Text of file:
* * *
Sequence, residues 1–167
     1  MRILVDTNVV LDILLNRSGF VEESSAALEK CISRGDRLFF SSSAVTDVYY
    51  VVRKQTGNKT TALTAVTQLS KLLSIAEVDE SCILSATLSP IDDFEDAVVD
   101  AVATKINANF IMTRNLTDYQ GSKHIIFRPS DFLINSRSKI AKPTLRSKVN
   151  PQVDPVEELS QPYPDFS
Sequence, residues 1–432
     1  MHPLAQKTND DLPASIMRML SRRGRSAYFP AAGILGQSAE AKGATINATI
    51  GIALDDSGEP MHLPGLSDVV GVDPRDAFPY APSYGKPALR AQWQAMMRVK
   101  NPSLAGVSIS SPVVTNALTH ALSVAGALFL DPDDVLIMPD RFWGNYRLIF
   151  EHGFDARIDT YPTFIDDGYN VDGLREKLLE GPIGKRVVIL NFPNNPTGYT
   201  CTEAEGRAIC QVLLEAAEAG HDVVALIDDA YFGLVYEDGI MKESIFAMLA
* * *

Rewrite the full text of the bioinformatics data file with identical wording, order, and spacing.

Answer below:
Sequence, residues 1–167
     1  MRILVDTNVV LDILLNRSGF VEESSAALEK CISRGDRLFF SSSAVTDVYY
    51  VVRKQTGNKT TALTAVTQLS KLLSIAEVDE SCILSATLSP IDDFEDAVVD
   101  AVATKINANF IMTRNLTDYQ GSKHIIFRPS DFLINSRSKI AKPTLRSKVN
   151  PQVDPVEELS QPYPDFS
Sequence, residues 1–432
     1  MHPLAQKTND DLPASIMRML SRRGRSAYFP AAGILGQSAE AKGATINATI
    51  GIALDDSGEP MHLPGLSDVV GVDPRDAFPY APSYGKPALR AQWQAMMRVK
   101  NPSLAGVSIS SPVVTNALTH ALSVAGALFL DPDDVLIMPD RFWGNYRLIF
   151  EHGFDARIDT YPTFIDDGYN VDGLREKLLE GPIGKRVVIL NFPNNPTGYT
   201  CTEAEGRAIC QVLLEAAEAG HDVVALIDDA YFGLVYEDGI MKESIFAMLA